Investing highlights & lowlights — August 2017
By Fisher Funds
06 September, 2017
A snapshot of the key factors driving the performance of markets and your funds last month
New Zealand Growth Fund
The NZX50 delivered yet another strong month in August, making it eight months in a row of positive performance, adding 1.6% and taking its gain to 13.6% for the year. The New Zealand portfolio gained 0.2%, trailing the index. Fisher & Paykel Healthcare was the top contributor, up 7.3% for the month, during which it held its AGM and effectively lifted its underlying operational earnings guidance. Trade Me was the biggest drag on performance for the month, (down 15.0%), after the company confirmed it will be re-entering a period of reinvestment back into the business and therefore margins will come under slight pressure.
Australian Growth Fund
Despite a deluge of news over the reporting season, the return on the ASX 200 Index for August was a modest 0.7% in Australian dollars. Our Australian portfolio returned 1.9% in Australian dollars. With the New Zealand dollar softening, the New Zealand dollar return was 3.4%. The portfolio had an acceptable reporting season with 64% of our companies meeting or beating consensus earnings expectations and 36% falling shy. Median earnings growth for the portfolio was 6.9%. Among our larger positions, the market responded very favourably to the results of ARB (encouraging export growth) and Carsales.com (sound core Australian performance and strong growth from key offshore investments). Seek was punished for disappointing guidance for the year ahead due to reinvestment in the business.
International Growth Fund
Global share markets were broadly flat in August, having recovered from a mid-month sell-off linked to North Korean missile tests and escalating geopolitical tensions. Despite this backdrop the International portfolio gained 3.6%, supported by strong performance from a number of our technology investments (Alibaba, PayPal and Descartes in particular) and a weak New Zealand dollar. Alibaba reported strong results during August, with increasing traffic on their Tmall ecommerce website driving 56% revenue growth in the June quarter. Logistics software supplier Descartes also performed strongly in August following the bolt-on acquisition of competitor MacroPoint, which will allow them to provide customers with real-time tracking of the trucks transporting their products. Oilfield services company Core Labs was the worst performer in the portfolio in August (down 12%) following a selloff in oil prices in August.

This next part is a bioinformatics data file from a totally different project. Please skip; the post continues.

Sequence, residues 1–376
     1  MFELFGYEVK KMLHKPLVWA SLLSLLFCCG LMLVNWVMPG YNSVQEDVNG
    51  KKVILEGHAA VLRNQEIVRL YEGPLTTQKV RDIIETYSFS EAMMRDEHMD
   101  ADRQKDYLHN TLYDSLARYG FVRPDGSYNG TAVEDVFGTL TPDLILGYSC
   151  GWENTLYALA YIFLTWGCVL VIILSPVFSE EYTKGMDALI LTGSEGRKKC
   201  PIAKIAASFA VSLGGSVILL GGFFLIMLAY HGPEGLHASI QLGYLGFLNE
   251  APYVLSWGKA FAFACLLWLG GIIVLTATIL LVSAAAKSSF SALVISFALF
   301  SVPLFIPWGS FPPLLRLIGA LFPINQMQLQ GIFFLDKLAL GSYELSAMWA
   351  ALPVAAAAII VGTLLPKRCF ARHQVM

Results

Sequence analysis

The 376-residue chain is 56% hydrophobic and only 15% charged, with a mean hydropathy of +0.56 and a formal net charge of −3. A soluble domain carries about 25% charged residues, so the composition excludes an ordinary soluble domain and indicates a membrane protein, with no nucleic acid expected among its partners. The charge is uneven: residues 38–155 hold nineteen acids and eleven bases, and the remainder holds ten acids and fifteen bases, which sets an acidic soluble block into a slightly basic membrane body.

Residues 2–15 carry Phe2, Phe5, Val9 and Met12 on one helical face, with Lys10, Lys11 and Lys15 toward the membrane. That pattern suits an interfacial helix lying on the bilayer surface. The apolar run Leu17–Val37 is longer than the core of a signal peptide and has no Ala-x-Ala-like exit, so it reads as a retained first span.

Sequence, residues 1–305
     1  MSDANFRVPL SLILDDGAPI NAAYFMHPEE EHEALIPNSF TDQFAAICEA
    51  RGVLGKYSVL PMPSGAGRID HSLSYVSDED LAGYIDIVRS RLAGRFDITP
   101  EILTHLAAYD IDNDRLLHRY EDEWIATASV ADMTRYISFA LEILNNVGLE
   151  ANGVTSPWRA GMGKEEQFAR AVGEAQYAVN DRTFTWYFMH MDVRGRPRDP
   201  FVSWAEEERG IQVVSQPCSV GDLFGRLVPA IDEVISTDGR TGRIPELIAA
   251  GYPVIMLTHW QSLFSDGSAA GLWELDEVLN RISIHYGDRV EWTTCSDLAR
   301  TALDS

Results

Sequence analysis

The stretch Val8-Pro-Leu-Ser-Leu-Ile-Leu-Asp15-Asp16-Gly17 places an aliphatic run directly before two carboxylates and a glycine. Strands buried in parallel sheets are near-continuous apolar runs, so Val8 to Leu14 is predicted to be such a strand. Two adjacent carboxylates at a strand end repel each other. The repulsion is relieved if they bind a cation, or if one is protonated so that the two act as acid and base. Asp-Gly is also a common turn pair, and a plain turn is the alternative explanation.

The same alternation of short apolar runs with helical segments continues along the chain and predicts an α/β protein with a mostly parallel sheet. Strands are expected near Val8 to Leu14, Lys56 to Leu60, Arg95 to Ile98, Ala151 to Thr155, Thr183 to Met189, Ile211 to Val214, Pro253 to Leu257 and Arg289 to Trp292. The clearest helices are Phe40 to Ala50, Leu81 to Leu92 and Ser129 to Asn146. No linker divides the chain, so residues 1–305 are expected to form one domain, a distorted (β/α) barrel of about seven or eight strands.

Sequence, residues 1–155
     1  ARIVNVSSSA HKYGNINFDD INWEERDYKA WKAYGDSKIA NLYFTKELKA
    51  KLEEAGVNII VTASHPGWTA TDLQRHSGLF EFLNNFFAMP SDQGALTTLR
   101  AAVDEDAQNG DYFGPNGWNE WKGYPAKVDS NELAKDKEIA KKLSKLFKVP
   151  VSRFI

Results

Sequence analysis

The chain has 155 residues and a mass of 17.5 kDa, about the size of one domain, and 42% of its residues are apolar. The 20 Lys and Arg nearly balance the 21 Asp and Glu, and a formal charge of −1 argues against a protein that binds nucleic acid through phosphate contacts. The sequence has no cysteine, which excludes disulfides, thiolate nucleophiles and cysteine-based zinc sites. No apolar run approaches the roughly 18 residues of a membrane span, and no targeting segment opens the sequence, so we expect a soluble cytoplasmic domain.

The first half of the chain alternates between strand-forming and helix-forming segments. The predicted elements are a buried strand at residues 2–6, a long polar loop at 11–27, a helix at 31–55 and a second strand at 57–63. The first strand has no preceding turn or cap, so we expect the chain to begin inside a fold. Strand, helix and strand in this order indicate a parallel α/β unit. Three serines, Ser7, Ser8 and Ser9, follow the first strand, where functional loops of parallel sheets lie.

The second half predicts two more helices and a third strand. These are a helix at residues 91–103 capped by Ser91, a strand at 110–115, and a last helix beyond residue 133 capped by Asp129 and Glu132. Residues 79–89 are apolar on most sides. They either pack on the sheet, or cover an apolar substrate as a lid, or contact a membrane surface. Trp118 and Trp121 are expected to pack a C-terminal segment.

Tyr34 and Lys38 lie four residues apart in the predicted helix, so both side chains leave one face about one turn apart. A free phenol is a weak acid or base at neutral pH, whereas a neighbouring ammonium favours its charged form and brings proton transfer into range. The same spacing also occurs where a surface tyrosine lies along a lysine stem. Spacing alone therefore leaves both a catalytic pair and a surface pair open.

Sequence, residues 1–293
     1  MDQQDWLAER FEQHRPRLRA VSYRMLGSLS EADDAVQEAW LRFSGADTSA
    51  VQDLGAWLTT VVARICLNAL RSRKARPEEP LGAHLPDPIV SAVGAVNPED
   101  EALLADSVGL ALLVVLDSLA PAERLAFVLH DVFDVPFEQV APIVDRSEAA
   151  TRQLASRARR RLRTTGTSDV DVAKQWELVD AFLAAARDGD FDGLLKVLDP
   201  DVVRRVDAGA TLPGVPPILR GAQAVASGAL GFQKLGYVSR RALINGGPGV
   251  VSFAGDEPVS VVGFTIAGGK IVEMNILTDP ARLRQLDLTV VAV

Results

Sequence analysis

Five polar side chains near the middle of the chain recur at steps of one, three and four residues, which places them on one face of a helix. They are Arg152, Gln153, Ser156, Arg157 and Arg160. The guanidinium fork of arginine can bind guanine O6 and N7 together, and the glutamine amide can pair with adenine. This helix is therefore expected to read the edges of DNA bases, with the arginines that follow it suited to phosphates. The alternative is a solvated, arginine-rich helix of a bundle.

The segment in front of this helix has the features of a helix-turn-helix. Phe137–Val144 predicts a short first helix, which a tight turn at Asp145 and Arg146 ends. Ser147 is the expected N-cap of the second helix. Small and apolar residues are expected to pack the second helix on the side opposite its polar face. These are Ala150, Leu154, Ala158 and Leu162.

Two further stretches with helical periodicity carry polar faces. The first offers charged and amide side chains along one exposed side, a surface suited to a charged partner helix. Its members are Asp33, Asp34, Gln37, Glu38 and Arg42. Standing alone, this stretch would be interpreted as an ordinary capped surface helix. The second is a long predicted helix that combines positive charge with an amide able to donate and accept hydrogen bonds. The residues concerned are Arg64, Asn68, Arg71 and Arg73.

Property & Infrastructure Fund
The Property & Infrastructure portfolio was up strongly, lifting +2.7% in August. Our two cellular tower companies, Crown Castle and American Tower were our top contributors, up 7.8% and 8.6%, on the back of better than expected second quarter results. The best performing stock in the portfolio was Arena REIT, up 12.1%. This was particularly pleasing to see as we added to the position in the equity raising in early August and since then the childcare property company has reported a stronger than expected earnings result. The biggest detractor from performance was Trustpower (-6.0%) which is consolidating after several very strong months of performance.
Our strong preference towards holding government bonds at this time had the portfolio on a solid footing again this month. Bond yields across many developed markets continue to fall (i.e. prices rise) and investor demand for safe-haven assets continues to rise. In particular, it was our holdings in U.S and U.K government bonds that provided the largest boost to the portfolio’s 0.4% after fees return for the month.
Unfortunately, not all bond markets benefited from strong demand this month. As growing uncertainty surrounding the political landscape in Italy again caught the attention of investors, it was the southern European nations that saw their bond markets retrace some of their previously strong performance. As such, our holdings in both Spanish and Italian government bonds were some of the weakest performers this month. Despite this mild pullback we continue to maintain our view that the improving economic outlook across Europe will benefit these largely export-led nations.